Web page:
29.02.2024 Featured Why You Should Worry About CBN’s Latest MPR Increase

Published 29th Feb, 2024

By Timileyin Akinmoyeje

On February 27, the Monetary Policy Committee (MPC) of the Central Bank of Nigeria (CBN) held its first meeting in the 2024 fiscal year to address inflationary pressures and reverse the rising inflation.

The committee, headed by Olayemi Cardoso, the Governor of the CBN, made four key decisions, one of which was to increase the benchmark interest rate by 400 basis points from 18.75 percent to 22.75 percent. This, by implication, means that the CBN increased the benchmark interest rate at which it lends money to commercial banks.

FIJ understands that this is not the first time the MPC has adjusted the interest rate to curb inflation. An analysis by Channels Television, for instance, reveals that the MPC has increased the interest rate nine times in its last twenty meetings.

For context, the MPC meets bimonthly. Out of the six times it met in 2023, the committee raised the interest rate four times to address inflation. To see if this monetary policy had translated to any positive change, FIJ compared inflation figures before and after the four times the CBN increased the interest rate in 2023.

READ ALSO: Analyst: How CBN’s Proposed $20,000 Sales to BDCs Can Mess Naira Up


In January 2023, the MPC raised its lending rate from 16.5 percent to 17.5 percent to contain inflationary pressure. Godwin Emefiele, the CBN governor at the time, announced an increase of 100 basis points while reading the communiqué of the MPC meeting in January.

As of January 2023, the headline inflation rate, according to the National Bureau of Statistics, stood at 21.84 percent. By February 2023, however, the inflation rate had jerked up to 21.94 percent.


January wasn’t the only time the CBN raised its lending rate in 2023. On March 21, 2023, the MPC announced another increase from 17.5 percent to 18 percent. The committee, still under the leadership of Emefiele, increased the lending rate to address inflation and curb inflationary pressures.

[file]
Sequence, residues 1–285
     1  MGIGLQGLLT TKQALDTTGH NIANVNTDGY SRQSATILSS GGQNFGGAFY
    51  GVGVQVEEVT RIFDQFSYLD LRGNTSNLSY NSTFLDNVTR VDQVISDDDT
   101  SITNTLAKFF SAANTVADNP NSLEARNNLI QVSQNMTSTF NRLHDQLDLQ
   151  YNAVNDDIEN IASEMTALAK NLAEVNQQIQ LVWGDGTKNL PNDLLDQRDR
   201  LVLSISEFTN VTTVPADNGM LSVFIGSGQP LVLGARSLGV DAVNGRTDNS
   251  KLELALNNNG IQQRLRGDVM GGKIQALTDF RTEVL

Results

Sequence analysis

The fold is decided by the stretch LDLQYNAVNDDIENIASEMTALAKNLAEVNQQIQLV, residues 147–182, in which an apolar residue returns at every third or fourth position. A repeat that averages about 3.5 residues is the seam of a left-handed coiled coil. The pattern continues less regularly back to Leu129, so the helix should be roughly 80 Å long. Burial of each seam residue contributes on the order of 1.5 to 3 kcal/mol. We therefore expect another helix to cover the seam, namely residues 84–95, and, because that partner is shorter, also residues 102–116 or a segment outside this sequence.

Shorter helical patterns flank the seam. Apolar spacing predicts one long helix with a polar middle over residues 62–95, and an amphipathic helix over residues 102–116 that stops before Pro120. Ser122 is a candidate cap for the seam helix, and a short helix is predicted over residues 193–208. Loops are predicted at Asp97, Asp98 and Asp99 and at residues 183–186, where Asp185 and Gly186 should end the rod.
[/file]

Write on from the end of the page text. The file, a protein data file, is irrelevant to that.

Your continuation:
According to the NBS, the headline inflation rate as of March 2023 was 22.04 percent. Between March and May, when the MPC held another meeting, the inflation rate had increased to 22.22 percent and 22.41 percent, respectively.

READ ALSO: CBN Bars Foreign Oil Companies From Sending More Than Half of Their Profits Abroad at Once


In the 291st meeting chaired by Godwin Emefiele, the CBN increased the interest rate from 18 percent to 18.50 percent. However, like the previous attempts, this did not curb inflation.

The headline inflation rate as of May 2023, according to the NBS, was 22.41 percent. It jumped significantly higher than it had been. The NBS recorded 22.22 percent in April. But between the 291st MPC meeting in May and the 292nd meeting in July, the inflation rate rose to 24.08 percent.


On July 25, the MPC, under Folashodun Shonubi, the acting CBN governor at the time, raised the interest rate from 18.50 percent to 18.75 percent in a bid to offset or at least reduce headline inflation in the country.

According to the National Bureau of Statistics (NBS), Nigeria’s headline inflation rate was galloping at a significant 24.08 percent as of July 2023. In the month before, Nigeria had an inflation rate of 22.79 percent.

By August 2023, however, the inflation rate had increased to 25.08 percent, despite the CBN’s decision to raise the interest rate. Nigeria started 2023 with a 21.48 percent headline inflation rate. Despite increasing the interest rate multiple times, however, it ended the year with a headline inflation rate of 28.92 percent.

READ ALSO: CBN: Nigerian Recipients of International Money Transfers Will No Longer Get Dollars

Experts and government critics have voiced dissenting opinions, saying that Nigeria doesn’t need a higher interest rate now. Peter Obi, the presidential candidate of the Labour Party, for instance, believes that increasing the lending rate is detrimental to the economy.

“I am of the strong opinion that the recent decision of the Monetary Policy Committee to increase the Monetary Policy Rate, MPR, to 22.5% and the Cash Reserve Ratio, CRR, to 45% will further worsen the economic situation of most Nigerian households,” he said.

According to Bismarck Rewane, a financial expert, the immediate impact of the policy will be significant increases in the cost of goods, especially food, and services. Bismarck predicted, for instance, that the cost of rent would increase by almost 100 percent in the coming months.

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Published 29th Feb, 2024

By Timileyin Akinmoyeje


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